See that red arrow pointing at a barely discernible blip on a screen filled with red nothingness? That, my friends, is the Curiosity rover, as it appeared to the Mars Reconnaissance Orbiter (MRO) on June 27th, 2013.
From its vantage point in orbit around the Red Planet, the MRO — in corroboration with its High Resolution Imaging Science Experiment (HiRISE) camera — was able to capture this truly awesome image of Curiosity whilst it was lurking over the skies directly above Gale Crater (where Curiosity initially touched down in 2012, while the entire world sat with bated breath; waiting to see how the 7 minutes of terror would come to a conclusion).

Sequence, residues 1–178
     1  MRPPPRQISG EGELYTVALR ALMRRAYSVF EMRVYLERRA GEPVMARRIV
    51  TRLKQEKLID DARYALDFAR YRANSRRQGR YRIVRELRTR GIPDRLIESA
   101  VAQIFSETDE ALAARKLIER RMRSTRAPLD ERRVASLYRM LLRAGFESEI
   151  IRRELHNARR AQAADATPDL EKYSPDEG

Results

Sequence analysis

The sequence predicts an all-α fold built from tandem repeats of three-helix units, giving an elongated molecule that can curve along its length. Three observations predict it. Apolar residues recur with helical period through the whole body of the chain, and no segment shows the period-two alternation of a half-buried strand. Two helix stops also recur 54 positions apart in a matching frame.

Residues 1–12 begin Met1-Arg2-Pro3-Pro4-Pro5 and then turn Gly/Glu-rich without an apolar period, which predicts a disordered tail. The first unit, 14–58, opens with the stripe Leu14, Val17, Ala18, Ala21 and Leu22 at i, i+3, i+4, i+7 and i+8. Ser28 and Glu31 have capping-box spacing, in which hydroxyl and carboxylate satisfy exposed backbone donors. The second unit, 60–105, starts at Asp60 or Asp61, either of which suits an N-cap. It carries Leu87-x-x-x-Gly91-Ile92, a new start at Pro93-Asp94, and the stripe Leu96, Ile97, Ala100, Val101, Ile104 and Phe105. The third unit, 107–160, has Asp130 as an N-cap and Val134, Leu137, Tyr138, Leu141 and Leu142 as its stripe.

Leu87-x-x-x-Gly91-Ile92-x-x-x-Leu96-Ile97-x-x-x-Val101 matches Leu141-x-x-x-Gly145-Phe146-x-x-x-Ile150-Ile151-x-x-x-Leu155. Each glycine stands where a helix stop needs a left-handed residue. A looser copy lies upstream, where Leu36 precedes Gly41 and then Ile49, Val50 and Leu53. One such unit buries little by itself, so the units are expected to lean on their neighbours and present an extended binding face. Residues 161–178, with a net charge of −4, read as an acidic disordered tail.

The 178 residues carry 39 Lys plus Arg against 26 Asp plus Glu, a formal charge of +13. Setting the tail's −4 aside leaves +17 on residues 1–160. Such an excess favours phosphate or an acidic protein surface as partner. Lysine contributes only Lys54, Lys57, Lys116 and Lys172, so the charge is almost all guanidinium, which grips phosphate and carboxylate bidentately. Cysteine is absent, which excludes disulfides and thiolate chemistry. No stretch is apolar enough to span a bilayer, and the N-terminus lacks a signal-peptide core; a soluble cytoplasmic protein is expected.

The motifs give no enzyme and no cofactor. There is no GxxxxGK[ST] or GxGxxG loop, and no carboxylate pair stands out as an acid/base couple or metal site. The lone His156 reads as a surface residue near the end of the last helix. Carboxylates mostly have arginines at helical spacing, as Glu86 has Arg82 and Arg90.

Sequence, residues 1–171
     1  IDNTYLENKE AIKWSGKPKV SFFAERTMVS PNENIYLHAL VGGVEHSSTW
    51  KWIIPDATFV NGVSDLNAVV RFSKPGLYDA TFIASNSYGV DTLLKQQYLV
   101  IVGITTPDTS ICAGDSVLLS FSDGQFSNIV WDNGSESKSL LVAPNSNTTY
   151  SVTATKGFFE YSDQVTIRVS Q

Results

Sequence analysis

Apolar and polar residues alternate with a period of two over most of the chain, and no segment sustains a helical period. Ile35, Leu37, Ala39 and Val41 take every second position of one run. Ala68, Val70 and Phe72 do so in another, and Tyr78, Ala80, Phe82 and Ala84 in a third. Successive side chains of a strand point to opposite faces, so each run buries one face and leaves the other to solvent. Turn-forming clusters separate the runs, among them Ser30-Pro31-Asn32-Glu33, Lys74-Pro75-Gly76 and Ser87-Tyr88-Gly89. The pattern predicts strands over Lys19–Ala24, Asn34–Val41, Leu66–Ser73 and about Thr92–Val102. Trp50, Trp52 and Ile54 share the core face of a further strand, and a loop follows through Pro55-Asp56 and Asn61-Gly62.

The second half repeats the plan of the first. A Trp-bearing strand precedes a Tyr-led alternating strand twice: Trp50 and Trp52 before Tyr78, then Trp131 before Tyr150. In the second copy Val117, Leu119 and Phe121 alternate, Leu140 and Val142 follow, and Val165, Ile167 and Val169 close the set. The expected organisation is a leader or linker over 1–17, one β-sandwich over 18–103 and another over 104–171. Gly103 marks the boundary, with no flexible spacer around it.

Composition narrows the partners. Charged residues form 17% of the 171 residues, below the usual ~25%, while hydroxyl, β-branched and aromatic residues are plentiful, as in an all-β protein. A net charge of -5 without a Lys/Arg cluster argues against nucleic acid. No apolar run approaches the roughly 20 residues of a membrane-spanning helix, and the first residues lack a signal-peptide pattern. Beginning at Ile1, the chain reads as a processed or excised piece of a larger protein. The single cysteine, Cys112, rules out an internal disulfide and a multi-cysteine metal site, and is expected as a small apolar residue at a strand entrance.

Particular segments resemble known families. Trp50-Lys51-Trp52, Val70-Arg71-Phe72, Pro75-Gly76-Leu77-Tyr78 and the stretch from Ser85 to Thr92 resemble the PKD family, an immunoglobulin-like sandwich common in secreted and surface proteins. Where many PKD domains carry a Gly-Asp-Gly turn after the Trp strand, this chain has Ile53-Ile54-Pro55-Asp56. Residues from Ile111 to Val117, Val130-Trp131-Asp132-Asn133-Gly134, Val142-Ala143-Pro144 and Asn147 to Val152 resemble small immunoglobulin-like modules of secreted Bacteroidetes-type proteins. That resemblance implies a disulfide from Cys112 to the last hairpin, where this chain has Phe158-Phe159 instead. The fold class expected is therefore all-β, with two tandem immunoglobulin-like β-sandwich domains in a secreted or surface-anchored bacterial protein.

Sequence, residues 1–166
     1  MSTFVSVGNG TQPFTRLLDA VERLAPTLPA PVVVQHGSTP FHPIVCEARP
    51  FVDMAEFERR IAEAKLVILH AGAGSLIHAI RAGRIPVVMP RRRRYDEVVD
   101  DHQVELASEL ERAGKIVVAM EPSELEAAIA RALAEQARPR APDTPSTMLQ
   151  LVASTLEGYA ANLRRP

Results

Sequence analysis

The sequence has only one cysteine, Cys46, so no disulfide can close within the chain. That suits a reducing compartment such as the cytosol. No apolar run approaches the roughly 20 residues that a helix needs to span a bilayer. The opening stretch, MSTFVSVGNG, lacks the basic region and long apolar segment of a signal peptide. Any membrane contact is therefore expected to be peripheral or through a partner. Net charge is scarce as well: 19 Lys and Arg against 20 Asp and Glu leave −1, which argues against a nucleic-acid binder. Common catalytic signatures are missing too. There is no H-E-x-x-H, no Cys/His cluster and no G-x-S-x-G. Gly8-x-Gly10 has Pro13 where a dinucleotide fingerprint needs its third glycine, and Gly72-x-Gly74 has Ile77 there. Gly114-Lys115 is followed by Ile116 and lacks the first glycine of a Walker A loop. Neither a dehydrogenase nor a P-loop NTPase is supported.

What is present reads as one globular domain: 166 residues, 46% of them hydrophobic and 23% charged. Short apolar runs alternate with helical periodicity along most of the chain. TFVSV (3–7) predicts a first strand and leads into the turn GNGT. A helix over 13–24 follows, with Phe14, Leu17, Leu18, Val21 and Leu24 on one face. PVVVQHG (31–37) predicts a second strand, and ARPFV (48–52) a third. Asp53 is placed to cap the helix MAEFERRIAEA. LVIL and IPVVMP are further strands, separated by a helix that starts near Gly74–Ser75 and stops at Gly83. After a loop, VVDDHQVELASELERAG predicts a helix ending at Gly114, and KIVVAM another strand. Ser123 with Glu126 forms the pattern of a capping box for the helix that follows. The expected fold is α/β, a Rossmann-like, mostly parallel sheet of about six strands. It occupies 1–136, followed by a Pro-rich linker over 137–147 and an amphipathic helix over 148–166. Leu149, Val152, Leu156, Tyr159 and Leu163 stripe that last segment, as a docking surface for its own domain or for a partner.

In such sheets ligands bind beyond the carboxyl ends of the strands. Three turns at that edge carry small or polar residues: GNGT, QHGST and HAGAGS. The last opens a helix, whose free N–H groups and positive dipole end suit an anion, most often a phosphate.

Now that we are on the verge of celebrating Curiosity's second anniversary of planetary exploration, it's important to remember the milestones. For starters, over the course of its first year on the planet, the rover successfully traversed more than 0.62 miles/one kilometer of Martian terrain (you can easily seen the track marks leading away from Bradbury landing in the image) — an achievement it finally collected in mid-July of 2013.
See a larger image here.